Go ahead and run it....and it will hang and hang, and tell you that isn't using the goon driver. It will use the goon driver if goon is in your path. Goon is a companion binary for porcelain that provides some features that erlang's port executables layer just doesn't offer, and one of those features causes grief in this example. In the resources section I've linked to goon's project page, which has downloads for various architectures. At any rate, I'll move the driver into my path and it will get picked up now:

mv ~/tmp/goon ~/bin/goon

Alright, now I'll run the test again...and it passes. So you can actually pass in Elixir streams or files as input, which is pretty neat, and you can do the same for output. Let's try that:

    numstream = Stream.cycle([1,2,3]) |> Stream.take(10)
    Porcelain.exec("sort", [], in: numstream, out: {:path, output_file})
    assert <<1,2,3,1,2,3,1,2,3,1>> == File.read!(output_file)

Alright, so if you run this test...it fails. There's an extra <<10>> at the end of the binary. Turns out that's a newline character...I'm not 100% sure why it ended up there, but let's just change our assertion now that we know the behaviour:

    assert <<1,2,3,1,2,3,1,2,3,1>> <> "\n" == File.read!(output_file)

OK, run the tests, and they pass. You can also pass the output into anything that implements Collectable.

Let's move on to running a bash shell in a port and interacting with it:

  test "interacting with a bash shell" do
    alias Porcelain.Process, as: Proc
    # So we'll spawn the bash shell, telling it to receive for its stdin and
    # send us its stdout...we'll also grab a reference to its pid for later
    proc = %Proc{pid: pid} = Porcelain.spawn("bash", ["--noediting", "-i"], in: :receive, out: {:send, self()})
    # Now let's make a file with some known content using normal bash commands
    Proc.send_input(proc, "echo foo > #{@test_files_path}/foo\n")
    # We'll cat the file out
    Proc.send_input(proc, "cat #{@test_files_path}/foo\n")
    # And we'll verify that we received the file's data.  There's an extra
    # newline because cat injected one for the prompt
    assert_receive {pid, :data, "foo\n"}, 1000
  end

OK, run the tests...and they pass.

Alright, so our grand finale in Episode 068 involved spawning vim inside of our interactive bash process and interacting with it via messages. We can reproduce that, but there's a bit of non-determinism we have to deal with via the anti-glory of sleep statements. At any rate, here it is:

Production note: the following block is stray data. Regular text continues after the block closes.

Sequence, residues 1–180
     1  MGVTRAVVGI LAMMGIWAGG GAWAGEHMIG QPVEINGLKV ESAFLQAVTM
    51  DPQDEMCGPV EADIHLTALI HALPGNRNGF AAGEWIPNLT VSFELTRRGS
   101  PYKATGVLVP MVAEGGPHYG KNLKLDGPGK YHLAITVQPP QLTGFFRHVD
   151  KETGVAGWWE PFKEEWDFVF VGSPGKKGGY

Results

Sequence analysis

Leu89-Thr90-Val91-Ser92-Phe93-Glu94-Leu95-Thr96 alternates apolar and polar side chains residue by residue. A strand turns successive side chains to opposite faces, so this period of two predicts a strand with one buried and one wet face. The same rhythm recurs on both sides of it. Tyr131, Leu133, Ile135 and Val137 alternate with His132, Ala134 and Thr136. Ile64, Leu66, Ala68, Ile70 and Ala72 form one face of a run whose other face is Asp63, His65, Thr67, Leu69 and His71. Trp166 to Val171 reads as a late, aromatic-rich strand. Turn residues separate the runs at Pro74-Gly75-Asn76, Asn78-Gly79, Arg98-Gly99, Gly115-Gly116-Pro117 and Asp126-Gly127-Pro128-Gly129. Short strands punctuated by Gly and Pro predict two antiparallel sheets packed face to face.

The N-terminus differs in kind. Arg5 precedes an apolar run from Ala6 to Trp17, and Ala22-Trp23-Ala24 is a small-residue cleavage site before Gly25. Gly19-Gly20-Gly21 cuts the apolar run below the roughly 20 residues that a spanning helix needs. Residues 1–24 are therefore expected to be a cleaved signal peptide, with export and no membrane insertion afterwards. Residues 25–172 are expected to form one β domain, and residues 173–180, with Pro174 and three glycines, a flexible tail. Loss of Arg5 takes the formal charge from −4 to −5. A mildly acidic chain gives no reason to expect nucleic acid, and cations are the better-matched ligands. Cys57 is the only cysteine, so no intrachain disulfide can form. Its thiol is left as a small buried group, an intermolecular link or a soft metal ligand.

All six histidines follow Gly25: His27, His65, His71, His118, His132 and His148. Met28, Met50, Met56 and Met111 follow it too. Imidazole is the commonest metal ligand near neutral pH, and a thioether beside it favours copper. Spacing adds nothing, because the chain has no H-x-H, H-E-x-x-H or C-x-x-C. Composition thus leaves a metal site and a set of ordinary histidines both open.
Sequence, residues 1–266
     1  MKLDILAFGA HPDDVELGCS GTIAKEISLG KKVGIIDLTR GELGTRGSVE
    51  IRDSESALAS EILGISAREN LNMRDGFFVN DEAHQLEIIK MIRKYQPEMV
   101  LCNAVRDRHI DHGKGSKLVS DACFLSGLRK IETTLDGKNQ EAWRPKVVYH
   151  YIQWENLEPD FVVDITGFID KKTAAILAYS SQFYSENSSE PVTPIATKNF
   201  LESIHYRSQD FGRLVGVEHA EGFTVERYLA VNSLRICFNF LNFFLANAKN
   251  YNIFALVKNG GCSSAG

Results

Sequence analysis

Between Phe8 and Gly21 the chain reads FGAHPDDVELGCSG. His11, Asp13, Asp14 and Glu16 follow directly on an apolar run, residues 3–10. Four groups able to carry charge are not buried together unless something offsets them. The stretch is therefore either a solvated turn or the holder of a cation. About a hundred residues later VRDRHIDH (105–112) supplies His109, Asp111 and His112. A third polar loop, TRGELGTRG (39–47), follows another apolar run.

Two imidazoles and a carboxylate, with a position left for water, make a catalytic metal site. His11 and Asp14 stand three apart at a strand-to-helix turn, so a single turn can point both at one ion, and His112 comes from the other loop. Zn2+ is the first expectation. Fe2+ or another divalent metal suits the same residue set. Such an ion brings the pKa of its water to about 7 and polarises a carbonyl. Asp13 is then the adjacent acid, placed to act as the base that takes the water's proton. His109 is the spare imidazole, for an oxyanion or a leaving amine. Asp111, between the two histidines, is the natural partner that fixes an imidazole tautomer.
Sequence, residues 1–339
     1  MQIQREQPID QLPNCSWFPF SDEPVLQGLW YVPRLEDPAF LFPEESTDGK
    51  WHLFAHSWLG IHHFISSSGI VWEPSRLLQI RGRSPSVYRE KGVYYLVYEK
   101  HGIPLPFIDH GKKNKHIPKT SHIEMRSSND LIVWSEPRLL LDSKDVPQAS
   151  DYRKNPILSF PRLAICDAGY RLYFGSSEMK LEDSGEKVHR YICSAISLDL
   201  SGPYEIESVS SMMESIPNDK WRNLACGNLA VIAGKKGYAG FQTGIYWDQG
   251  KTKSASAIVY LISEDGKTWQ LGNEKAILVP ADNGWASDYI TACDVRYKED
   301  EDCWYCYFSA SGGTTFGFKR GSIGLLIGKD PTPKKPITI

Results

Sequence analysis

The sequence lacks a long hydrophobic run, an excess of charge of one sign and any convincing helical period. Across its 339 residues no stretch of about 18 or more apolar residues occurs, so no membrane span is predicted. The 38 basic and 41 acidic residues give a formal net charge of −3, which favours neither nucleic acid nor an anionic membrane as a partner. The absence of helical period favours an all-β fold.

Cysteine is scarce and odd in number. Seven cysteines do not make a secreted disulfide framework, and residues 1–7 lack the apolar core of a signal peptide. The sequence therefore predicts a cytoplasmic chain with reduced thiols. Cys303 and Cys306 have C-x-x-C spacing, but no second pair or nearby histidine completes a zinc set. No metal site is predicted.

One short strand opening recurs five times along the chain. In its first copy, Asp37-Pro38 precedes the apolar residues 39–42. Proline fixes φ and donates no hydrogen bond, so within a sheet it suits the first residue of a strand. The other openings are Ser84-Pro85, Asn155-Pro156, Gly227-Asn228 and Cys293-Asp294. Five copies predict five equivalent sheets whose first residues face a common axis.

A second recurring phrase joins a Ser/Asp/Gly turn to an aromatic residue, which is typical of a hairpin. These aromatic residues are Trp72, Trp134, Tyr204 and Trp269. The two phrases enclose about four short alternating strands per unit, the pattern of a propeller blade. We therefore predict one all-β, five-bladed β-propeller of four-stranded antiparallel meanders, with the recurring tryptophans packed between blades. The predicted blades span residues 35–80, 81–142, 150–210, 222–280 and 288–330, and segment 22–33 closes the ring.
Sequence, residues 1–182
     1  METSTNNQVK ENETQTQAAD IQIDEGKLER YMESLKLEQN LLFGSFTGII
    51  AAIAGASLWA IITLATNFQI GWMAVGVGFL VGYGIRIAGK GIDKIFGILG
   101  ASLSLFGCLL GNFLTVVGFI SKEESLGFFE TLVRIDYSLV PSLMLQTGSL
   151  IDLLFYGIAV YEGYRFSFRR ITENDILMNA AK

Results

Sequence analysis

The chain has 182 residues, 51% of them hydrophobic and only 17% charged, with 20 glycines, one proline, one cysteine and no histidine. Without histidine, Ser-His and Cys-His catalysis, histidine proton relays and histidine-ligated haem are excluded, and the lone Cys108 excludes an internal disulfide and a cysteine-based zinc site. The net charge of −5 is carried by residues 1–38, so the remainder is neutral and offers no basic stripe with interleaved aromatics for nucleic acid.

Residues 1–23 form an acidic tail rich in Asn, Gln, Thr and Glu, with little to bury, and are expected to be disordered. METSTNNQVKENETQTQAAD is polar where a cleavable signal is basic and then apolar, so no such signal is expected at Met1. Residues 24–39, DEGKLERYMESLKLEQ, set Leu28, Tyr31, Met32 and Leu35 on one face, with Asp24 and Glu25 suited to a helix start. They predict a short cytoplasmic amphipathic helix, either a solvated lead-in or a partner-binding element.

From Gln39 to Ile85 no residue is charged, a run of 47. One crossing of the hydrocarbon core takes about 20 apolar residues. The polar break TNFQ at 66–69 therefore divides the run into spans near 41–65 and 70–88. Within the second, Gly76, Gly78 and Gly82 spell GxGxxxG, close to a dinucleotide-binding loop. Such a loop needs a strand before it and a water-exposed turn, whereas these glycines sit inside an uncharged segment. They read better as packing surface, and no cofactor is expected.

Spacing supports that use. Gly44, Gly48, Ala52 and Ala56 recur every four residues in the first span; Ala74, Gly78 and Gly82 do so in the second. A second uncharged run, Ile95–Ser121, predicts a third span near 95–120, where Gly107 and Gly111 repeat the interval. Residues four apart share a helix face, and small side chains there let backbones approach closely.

test "dat vim" do
    alias Porcelain.Process, as: Proc
    # Again we spawn bash, same as the last test
    proc = %Proc{pid: pid} = Porcelain.spawn("bash", ["--noediting", "-i"], in: :receive, out: {:send, self()})
    # We'll open a file in vim
    Proc.send_input(proc, "vim #{@test_files_path}/vimfile\n")
    # Here we have to wait for a little bit for vim to get ready for input
    :timer.sleep 1000
    # Enter insert mode, type some text
    Proc.send_input(proc, "izomg hi there")
    # Again, wait for a little bit for vim....
    :timer.sleep 1000
    # We'll leave insert mode and write the file and quit
    esc = <<27>>
    Proc.send_input(proc, esc)
    Proc.send_input(proc, ":wq\n")
    :timer.sleep 1000
    # Now let's cat the file out
    Proc.send_input(proc, "cat #{@test_files_path}/vimfile\n")
    # And if everything worked, this should be what got catted out
    assert_receive {pid, :data, "zomg hi there\n"}, 1000
  end

OK, run the tests...and they SHOULD pass. Who knows, due to the non-determinism :)

Summary

In today's episode we looked at using Porcelain as a nicer interface for interacting with remote OS processes. It's got a much more pleasant interface for sending commands in, it has less arcane syntax for spawning processes with certain interesting options, and it has some features that you just can't get with the Port module, like streaming from an Elixir stream into stdin of a process. It looks great, and I expect I'll use it quite frequently. Hope you enjoyed it. See you soon!